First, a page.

“Why do Japanese pitchers have a good end of the ball?”
At the 2023 Asian Professional Baseball Championship (APBC) in November last year, Ryu Jung-il, the head coach of the South Korean national baseball team, once again found himself facing the high barrier of “World No. 1” Japan. Moon Dong-joo, Lee Yi-ri, Kwak Bin, Won Tae-in, Noh Si-hwan, Choi Seung-yong, and Kim Joo-won, all rookies in their early 20s, overcame an objective power disadvantage to finish as runners-up in both the preliminary (1-2) and final (3-4) rounds.
Especially on the mound, they were outclassed by the Japanese. Even with the same velocity, the Japanese pitchers felt more powerful than the Koreans, 카지노사이트 and the average velocity itself favored Japan over Korea. “Japanese players with similar body types to us would throw 145 kilometers and it would look like more,” says Ryu. We wondered, ‘Why do Japanese pitchers have a good end of the ball and we don’t?'” he said.
Ryu sees flexibility training as a priority for Korean pitchers to catch up with their Japanese counterparts.
He recommended training at the Worldwing Training Center in Tottori, Japan, a mecca for flexibility training. “Restraint is not strength, but flexibility. “In Japan, there are weight training methods that strengthen the hip and shoulder rotators. They do a lot of hip movements to create flexibility. I hope the younger players will open their eyes and train in that direction.”
After attending the APBC, Doosan Bears left-handed duo Choi Seung-yong (23) and Lee Byung-heon (21) decided to head to Tottori for two weeks of special training ahead of the Australian spring training in February. The duo, who earned their first Korean flag, gave up their January vacation to travel to Japan to improve their skills.
In a recent phone conversation with OSEN, Choi Seung-yong said, “With the help of the agency, I decided to train in Tottori, Japan for two weeks with Lee Byung-heon. Probably, other team players will also go with me.”
The move to Tottori is a welcome one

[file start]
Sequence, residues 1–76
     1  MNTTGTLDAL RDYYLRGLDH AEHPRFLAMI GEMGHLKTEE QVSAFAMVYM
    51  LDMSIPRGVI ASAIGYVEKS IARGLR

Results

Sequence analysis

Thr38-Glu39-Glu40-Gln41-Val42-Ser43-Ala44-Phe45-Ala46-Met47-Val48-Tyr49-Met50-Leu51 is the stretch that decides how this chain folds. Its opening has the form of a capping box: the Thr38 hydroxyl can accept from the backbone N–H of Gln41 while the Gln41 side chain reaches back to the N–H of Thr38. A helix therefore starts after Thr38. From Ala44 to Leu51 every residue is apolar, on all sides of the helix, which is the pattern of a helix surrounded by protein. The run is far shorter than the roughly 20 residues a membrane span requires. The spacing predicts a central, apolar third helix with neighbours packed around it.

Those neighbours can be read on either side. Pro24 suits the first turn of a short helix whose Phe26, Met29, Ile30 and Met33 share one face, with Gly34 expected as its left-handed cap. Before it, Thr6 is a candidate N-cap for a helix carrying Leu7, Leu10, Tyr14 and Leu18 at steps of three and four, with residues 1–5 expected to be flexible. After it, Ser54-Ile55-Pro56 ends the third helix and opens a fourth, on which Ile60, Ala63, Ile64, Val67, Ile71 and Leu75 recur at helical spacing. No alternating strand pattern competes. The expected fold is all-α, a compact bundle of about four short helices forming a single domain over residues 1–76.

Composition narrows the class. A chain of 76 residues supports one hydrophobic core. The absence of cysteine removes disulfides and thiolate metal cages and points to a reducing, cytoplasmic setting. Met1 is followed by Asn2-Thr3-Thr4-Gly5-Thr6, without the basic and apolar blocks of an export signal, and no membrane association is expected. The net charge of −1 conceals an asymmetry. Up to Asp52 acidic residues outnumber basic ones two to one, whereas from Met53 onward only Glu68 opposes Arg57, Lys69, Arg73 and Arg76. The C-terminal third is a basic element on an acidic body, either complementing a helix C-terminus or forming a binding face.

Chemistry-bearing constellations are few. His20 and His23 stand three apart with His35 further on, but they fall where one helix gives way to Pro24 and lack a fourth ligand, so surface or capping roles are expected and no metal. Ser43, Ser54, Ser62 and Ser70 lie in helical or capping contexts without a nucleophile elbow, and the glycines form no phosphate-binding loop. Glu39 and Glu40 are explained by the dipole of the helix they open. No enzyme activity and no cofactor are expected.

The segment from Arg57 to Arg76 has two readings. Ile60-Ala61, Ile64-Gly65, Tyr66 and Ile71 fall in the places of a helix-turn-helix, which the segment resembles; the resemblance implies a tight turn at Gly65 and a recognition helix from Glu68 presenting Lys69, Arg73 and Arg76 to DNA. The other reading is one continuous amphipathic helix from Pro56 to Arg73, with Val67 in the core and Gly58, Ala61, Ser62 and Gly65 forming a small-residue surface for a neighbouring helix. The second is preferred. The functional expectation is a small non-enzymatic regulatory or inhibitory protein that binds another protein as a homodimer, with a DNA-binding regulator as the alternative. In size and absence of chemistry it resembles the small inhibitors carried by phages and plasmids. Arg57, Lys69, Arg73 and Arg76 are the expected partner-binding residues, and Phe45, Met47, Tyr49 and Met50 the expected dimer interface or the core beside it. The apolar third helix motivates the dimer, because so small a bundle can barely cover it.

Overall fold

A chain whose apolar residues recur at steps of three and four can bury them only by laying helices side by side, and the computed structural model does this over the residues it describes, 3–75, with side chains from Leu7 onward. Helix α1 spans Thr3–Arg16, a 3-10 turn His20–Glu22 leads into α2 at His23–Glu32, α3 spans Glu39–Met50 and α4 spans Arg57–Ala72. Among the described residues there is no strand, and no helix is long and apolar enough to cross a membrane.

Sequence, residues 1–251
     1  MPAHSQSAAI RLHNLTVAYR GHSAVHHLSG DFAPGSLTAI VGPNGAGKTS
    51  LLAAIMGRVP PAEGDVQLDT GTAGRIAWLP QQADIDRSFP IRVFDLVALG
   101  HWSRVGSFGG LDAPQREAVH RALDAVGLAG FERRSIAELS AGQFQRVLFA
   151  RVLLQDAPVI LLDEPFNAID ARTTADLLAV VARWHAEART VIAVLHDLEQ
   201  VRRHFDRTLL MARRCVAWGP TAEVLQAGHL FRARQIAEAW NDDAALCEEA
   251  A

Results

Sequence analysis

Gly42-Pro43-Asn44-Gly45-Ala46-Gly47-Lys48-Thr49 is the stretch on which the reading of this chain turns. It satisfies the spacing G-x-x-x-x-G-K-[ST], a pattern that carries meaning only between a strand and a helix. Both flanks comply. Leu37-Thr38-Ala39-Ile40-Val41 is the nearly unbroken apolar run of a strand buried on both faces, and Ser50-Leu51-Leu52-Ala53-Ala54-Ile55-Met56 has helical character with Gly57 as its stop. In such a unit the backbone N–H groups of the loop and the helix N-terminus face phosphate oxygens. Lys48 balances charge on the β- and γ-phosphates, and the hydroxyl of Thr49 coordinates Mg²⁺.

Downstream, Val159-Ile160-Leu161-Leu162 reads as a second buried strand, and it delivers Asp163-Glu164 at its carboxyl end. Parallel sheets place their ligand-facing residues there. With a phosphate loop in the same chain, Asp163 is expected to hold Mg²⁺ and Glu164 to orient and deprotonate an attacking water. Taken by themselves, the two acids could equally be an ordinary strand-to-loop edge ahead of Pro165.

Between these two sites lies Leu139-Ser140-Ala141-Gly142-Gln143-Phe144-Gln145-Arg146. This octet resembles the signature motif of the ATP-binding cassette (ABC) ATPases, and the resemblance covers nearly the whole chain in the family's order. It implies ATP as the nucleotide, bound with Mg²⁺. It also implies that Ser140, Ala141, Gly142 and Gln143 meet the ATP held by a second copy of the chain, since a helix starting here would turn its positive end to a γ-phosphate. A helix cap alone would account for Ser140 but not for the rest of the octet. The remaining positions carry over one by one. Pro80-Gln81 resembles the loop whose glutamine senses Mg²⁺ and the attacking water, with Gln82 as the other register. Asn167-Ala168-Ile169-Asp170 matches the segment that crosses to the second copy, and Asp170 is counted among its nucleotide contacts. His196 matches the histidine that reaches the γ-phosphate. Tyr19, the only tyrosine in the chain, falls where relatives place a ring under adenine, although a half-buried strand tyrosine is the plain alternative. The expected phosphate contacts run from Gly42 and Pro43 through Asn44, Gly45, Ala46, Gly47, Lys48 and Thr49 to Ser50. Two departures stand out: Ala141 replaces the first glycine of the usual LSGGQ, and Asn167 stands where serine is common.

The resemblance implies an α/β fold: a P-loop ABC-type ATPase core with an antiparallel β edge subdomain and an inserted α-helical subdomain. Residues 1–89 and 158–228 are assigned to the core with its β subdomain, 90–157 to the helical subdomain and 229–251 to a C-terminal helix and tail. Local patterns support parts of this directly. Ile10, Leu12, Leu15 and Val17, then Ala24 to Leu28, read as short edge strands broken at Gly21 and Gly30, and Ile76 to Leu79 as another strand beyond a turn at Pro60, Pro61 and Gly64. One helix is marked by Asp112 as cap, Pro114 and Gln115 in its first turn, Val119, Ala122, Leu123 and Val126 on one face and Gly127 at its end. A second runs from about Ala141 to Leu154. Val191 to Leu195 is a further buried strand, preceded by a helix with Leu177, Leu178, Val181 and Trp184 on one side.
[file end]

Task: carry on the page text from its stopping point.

As Doosan has been suffering from a lefty famine since the retirement of “dynasty closer” Lee Hyun-seung. The starting rotation, which includes foreign pitchers Brandon Waddell, Seung-yong Choi, and Won-jae Lee, isn’t too worrisome, but the bullpen doesn’t have anyone who can reliably handle left-handed hitters in the postseason. In the 2023 season, it was no exaggeration to say that the bullpen was practically without a left-handed pitcher except for swingman Choi Seung-yong.
“As a left-handed hitter myself, it was difficult to face tricky left-handed pitchers in clutch situations during my active career. We need a left-handed pitcher who can block strong left-handed hitters with runners on base,” Lee said, emphasizing that finding a left-handed bullpen was one of the biggest challenges in the offseason.
For the upcoming season
Choi Seung-yong will be the starter and Lee Byung-heon will have to play a role in the bullpen. Seung-yong Choi is expected to compete for the fourth or fifth spot behind Raul Alcantara, Brandon Guk-Bin, and Byung-heon Lee is on Lee’s list of left-handed bullpen options for the 2024 season, along with Kim Ho-joon and Seung-woo Paik. For now, Lee, 카지노사이트 순위 Doosan’s first-round pick in the 2022 First-Year Player Draft, is at the forefront of the competition. It will be interesting to see if the two players’ January training camp in Tottori, Japan, can help solve the Doosan lefty famine.
Choi Seung-yong said, “I showed good form in the second half of last year, so the fans have high expectations and I have high expectations for myself. The first thing is to not get sick. I will improve even more than the second half and show that (Kwak) Bin is getting better and better, just like you are getting better and better, and Bin is getting better and better after you. I’m looking forward to making a full start and going the full innings,” he said.